Can Thomas Tuchel Lead Chelsea to Glory?

In reality, this isn’t Thomas Tuchel’s club. He didn’t bring aboard any of those who are performing for him as manager of Chelsea. He wasn’t involved in any of the transfer decisions, didn’t recommend or recruit a single one of their high-priced signings. And yet, with each passing week, every mounting result, Chelsea is becoming Tuchel’s squad. The players are clearly buying into what he’s selling, and it’s working for them on the pitch.


The stunning ouster of Spanish power Atletico Madrid from the Round of 16 in the Champions League put all the other sides on notice that Chelsea is worthy of reckoning for any club which draws them in the quarter-finals. Indeed the latest Champions League betting lines show the Stamford Bridge side as the fifth choice in the odds to win the title at +800.


Finally Moving On


The Champions League Round of 16 had developed into a brick wall for Chelsea, one that continually was proving to be too slick to climb and too tall to scale. This week’s move to the quarter-finals was the first for the club since 2013-14.


Last year, they hammered aside 7-1 by eventual champions Bayern Munich. Getting to this stage in 2018, Lionel Messi and Barcelona sent Chelsea packing. Paris Saint-Germain put the Blues out in successive years at this stage of the Champions League in both 2015 and 2016.


On this occasion, it was as much about who they did it against as it was about actually finally getting it done. Atlético Madrid are the top side in Spain, leaders of La Liga. They’ve taken the measure of Champions League powers Barca and Real Madrid all season long but proved incapable of taking out Chelsea.


The Secret to Atletico Madrid’s Success: Balance and Adapting to Luis Suárez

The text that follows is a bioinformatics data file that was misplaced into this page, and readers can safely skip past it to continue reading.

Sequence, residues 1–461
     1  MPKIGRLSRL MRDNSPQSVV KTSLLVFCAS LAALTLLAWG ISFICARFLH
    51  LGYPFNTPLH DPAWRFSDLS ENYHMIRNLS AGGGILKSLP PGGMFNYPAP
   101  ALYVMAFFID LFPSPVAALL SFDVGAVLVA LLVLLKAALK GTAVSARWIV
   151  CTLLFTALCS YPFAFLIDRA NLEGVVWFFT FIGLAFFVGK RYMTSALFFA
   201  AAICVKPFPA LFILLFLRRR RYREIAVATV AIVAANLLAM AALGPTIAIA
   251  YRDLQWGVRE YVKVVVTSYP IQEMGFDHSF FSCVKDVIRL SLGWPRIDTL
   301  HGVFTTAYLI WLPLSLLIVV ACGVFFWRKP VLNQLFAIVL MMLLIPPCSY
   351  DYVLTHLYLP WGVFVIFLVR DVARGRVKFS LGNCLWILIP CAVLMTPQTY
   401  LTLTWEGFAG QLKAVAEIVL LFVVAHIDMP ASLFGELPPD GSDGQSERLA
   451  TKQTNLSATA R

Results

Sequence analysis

Coming out for the home leg clinging to a precarious 1-0 lead, Chelsea didn’t aim to protect that advantage but sought to add to it. Which they did, through goals by Emerson Palmieri and Hakim Ziyech. It’s only the third time in this century that Atlético Madrid have lost a two-legged Cup tie without scoring a goal.


A Blue Juggernaut


Chelsea are now unbeaten in 13 matches under Tuchel. The club has conceded just two goals over that span. On paper, the personnel that suit up for Chelsea are an accomplished assembly of footballing talent. Perhaps what’s most impressive in the midst of all that talent, Tuchel’s tactical maneuvers have taken this club composed of brilliant players and made the sum of what they can accomplish far superior to the greatness of each part.


A Good Omen


Tuchel could be poised to add his name to a unique list at Chelsea. Two of the past three in-season managerial hires by the club led Chelsea to honours in Europe. Rafael Benítez, who replaced Roberto Di Matteo in November of 2012, led Chelsea to the 2013 Europa League title. Di Matteo had replaced André Villas-Boas in March of 2012 and promptly piloted Chelsea to the 2012 Champions League crown.

Not Afraid To Ruffle Feathers


The easiest excuse for a new manager is to shrug off any unfavorable results by pointing out that the squad he’s been asked to take over doesn’t consist of players of his choosing. Tuchel instead has taken what he was left with and sought to unearth methods to get the most out of what he has at his disposal. And he hasn’t been afraid to be bold. He’s taken measures that weren’t always popular and if they’d backfired, certainly would’ve left him open to criticism for his squad selections.


After the win in Madrid, Tuchel opted to drop goal scorer Olivier Giroud for the return leg in favor of Timo Werner, author of just two goals over his past 27 matches. It was Werner’s cross that Ziyech slotted home for the first goal of the match.


“The most important thing is that we feel we deserve this,” Tuchel told the Guardian after the win. “They play with a special bond and results like this give you a certain edge and glue to achieve special things. You can only achieve this through results and experiences.”


Then Chelsea’s new boss issued a warning shot across the bow of the other seven clubs remaining in the Champions League hunt. “I’m pretty sure no one wants to play against us,” Tuchel said. “It’s a super difficult challenge ahead because we are already in the last eight. It’s a big step – but no need to be afraid.”


By: Tonette Pringer

Featured Image: @GabFoligno / Clive Rose – Pool / AFP via Getty Images